When work on the incomplete cruiser Krasnyi Kavkaz was restarted in 1927, it had been planned to fit her with eight 8" (20.3 cm) guns in four twin turrets. However, it was quickly determined to be impossible to mount this much armament on the small and lightly constructed hull of this ship. Instead, four guns of the smaller caliber of 180 mm (7.1") were installed. These were 8"/50 (20.3 cm) Pattern 1905 guns relined down to 18 cm/60 (7.1"). These guns were to have had a very high muzzle velocity of 3,281 fps (1,000 mps) but initial trials showed that this would have given them a liner life of less than 10 rounds. The guns were derated but even then their life was quite short.
Early trials with these weapons showed numerous faults and so a new design was commissioned with a lower muzzle velocity and a shorter barrel length. This design was designated as the 180 mm/57 (7.1") B-1-P Pattern 1932. The early prototypes were of built-up construction, but in 1932 the technology of making loose liners for guns with bores from 3" to 8" (7.62 cm - 20.3 cm) was purchased from the Italian firm of Ansaldo. With this technology in hand, later versions of the 180 mm (7.1) guns were manufactured with loose liners. There were two differing liners used, one with deep grooves and one with shallow grooves. These liners were not interchangeable and required different ammunition.
Three coast defense mounts using these guns were in service. The first one was MO-8-180 using 8"/50 (20.3 cm) guns relined to 180 mm/56 (7.1") with ballistics identical to those of the B-1-P gun. A total of 9 mounts were built in 1933-35 and all were installed in the Far East. The second coastal mount was another open mounting designated as MO-1-180 and designed in 1934. A total of 42 mounts were built by June 1941 and these were installed in 12 batteries located all around the Soviet coastline. Those batteries that survived the war remained in active service use until the 1960s-70s.
The third coastal mount was the MB-2-180 twin turret designed in 1931-32. A total of eight turrets in 4 batteries were installed in the North in the 1930s-40s, six turrets in 3 batteries were installed along the Baltic coast by 1941, six turrets in 3 batteries were installed along the Pacific coast in the 1930s-40s and two turrets in 1 battery were installed along the Black Sea coast after the war. Surviving turrets were in use into 1990s.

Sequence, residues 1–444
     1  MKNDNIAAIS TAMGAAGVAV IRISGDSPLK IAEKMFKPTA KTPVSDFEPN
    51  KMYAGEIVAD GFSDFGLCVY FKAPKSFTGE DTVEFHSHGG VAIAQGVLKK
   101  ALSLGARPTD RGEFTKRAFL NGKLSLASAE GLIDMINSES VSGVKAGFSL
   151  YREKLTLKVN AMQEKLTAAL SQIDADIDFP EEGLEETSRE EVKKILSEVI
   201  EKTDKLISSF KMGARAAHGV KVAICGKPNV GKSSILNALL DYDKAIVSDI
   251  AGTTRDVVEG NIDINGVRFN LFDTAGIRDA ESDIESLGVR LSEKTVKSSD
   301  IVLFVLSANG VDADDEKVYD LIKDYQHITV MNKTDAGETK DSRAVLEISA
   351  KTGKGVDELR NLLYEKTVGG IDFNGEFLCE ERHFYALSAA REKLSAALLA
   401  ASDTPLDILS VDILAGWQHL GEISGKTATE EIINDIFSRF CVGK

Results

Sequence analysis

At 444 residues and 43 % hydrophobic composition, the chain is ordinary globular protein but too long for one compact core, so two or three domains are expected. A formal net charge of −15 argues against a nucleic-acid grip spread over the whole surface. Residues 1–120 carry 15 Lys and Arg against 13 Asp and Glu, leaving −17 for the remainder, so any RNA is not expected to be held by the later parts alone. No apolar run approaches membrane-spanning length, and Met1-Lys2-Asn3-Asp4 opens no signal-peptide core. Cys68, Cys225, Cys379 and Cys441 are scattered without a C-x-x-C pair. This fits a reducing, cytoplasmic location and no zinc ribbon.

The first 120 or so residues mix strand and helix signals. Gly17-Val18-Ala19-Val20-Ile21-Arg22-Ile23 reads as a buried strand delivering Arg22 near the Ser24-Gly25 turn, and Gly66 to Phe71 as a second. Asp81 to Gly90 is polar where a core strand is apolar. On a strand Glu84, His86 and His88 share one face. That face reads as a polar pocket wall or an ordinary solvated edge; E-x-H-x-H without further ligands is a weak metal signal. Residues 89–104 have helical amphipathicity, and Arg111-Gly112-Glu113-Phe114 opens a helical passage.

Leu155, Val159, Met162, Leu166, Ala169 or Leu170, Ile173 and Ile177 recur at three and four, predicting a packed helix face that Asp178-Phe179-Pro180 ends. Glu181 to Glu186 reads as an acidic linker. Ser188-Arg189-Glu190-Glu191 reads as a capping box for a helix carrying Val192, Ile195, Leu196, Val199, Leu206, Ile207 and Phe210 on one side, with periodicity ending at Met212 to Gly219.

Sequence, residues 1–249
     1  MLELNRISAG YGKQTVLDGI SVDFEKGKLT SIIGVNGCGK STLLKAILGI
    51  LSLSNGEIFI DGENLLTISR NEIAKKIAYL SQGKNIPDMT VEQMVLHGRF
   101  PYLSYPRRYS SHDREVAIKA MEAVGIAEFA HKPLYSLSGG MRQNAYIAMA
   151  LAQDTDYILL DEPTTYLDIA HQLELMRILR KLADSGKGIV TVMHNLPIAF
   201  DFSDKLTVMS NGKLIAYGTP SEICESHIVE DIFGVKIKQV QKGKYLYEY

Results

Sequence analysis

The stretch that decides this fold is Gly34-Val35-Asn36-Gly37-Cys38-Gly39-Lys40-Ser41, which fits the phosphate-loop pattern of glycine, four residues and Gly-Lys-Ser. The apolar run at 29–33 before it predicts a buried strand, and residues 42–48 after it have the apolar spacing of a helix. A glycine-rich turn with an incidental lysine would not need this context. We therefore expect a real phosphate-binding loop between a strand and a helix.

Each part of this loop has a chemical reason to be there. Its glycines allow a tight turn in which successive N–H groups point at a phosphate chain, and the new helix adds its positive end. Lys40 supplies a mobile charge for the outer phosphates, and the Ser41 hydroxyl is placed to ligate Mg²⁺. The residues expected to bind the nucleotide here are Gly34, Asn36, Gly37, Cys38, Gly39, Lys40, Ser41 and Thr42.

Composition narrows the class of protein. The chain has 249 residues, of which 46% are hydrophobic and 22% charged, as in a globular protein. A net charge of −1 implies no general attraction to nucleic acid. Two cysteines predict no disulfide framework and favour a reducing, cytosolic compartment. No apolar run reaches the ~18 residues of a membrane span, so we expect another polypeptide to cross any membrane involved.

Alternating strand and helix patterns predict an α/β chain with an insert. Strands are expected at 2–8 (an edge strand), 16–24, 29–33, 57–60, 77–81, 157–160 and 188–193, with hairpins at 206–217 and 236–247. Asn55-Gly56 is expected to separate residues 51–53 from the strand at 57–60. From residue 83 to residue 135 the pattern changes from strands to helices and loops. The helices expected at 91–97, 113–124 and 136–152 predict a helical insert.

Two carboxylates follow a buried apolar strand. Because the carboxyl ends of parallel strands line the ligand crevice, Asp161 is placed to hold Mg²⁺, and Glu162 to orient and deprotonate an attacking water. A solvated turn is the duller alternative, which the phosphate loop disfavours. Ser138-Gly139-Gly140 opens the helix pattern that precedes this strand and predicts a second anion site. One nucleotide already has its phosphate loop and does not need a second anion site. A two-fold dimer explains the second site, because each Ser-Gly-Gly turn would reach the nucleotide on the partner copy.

Construction of the B-1-P was of loose liner, A tube, jacket and breech ring. Used Vickers piston breech, which opened upwards.
|Designation||180 mm/60 (7.1") B-1-K Pattern 1931
180 mm/57 (7.1") B-1-P Pattern 1932
180 mm/56 (7.1") Pattern 1933
|Ship Class Used On||
|Date Of Design||1929|
|Date In Service||1931 - 1932|
|Gun Length oa||
|Bore Length||398 in (10.110 m)|
|Rate Of Fire||
|Projectile Types and Weights||All rounds 215 lbs. (97.5 kg)|
|Propellant Charge 2||180 mm/60, 180 mm/57 with shallow grooved liner: 88.1 lbs. (40 kg)
180 mm/57 with deep grooved liner: 82.67 lbs. (37.5 kg)
|Working Pressure||Designed: 25.8 tons/in2 (4,000 kg/cm2)
Derated: 20.6 tons/in2 (3,200 kg/cm2)
|Approximate Barrel Life||Shallow grooved liner: 55-70 rounds
Deep grooved liner: 320 rounds
180 mm/56: about 70 rounds
|Ammunition stowage per gun||Krasny Kavkaz: 224 rounds
Pr. 26 and Pr. 26bis: 100 rounds
MB-2-180: 204 rounds
- ^Shallow and Deep liner rounds were not interchangeable.
- ^Propellant was in halves.
|49 degrees||40,600 yards (37,130 m)|
|45 degrees||41,340 yards (37,800 m)|
|50 degrees||41,000 yards (37,494 m)|
|50 degrees||42,200 yards (38,592 m)|
These range figures come from two different sources and may reflect differing muzzle velocities.
|Weight||MK-1-180: 192 tons (195 mt)
MK-3-180: 232-243 tons (236 -247 mt)
MB-2-180: 369 tons (375 mt)
MO-1-180: 82.2 tons (83.5 mt)
MO-8-180: 57 tons (58 mt)
|Rate of Elevation||Krasny Kavkaz: 8 degrees per second
Kirov class: 10 degrees per second
MB-2-180: 10 degrees per second
MO-1-180: 10 degrees per second
MO-8-180: 10 degrees per second
|Train||MB-2-180: 360 degrees
MO-1-180: 360 degrees
MO-8-180: 360 degrees
|Rate of Train||Krasny Kavkaz: 8 degrees per second
Kirov class: 8 degrees per second
MB-2-180: 3 degrees per second
MO-1-180: 2.5 degrees per second
MO-8-180: 6 degrees per second
|Gun Recoil||Krasny Kavkaz: 35.4 in (90 cm)
Kirov class: 23.6 in (60 cm)
MB-2-180: 33.5 in (85 cm)
MO-1-180: 33.5 in (85 cm)
MO-8-180: 43.3 in (110 cm)
|Loading Angle||Krasny Kavkaz: -5 / +60 degrees
Kirov class: +6.3 degrees
MB-2-180: +15 degrees
MO-1-180: +12 degrees
MO-8-180: +15 degrees
- ^The triple turret guns were in a common cradle. Both the mounting and the breech were electrically powered. These mountings were considered cramped and difficult to work, resulting in a low rate of fire. The triple mounting used a powered rammer.
- ^The single mounting had only manual loading.
- "Naval Weapons of World War Two" by John Campbell
- "Sovetskie Boevye Korabli 1941-45: IV Vooruzhnie" (Soviet Warships 1941-45: Volume IV Armament) by A.V. Platonov
- "Entsiklopedia Otechestvennoi Artillerii" (Encyclopedia of Fatherland (Russian) Artillery) by A.V. Shirokorad
- "Cruisers of World War Two" by M.J. Whitley
Special help from Vladimir Yakubov